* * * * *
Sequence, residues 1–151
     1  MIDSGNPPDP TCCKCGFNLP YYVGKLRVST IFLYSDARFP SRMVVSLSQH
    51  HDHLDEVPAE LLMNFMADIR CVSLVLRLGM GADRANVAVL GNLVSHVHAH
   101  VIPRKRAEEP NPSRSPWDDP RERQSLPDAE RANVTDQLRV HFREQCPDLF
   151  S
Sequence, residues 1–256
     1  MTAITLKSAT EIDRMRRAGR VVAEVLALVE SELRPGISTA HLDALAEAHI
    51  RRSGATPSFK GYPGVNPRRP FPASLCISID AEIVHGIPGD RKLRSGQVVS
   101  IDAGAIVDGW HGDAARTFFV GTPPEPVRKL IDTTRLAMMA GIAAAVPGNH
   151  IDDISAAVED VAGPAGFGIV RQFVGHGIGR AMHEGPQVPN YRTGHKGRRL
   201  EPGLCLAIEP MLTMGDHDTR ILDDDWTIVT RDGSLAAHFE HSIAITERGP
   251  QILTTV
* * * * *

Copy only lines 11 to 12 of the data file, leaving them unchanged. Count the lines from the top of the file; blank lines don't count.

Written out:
   201  EPGLCLAIEP MLTMGDHDTR ILDDDWTIVT RDGSLAAHFE HSIAITERGP
   251  QILTTV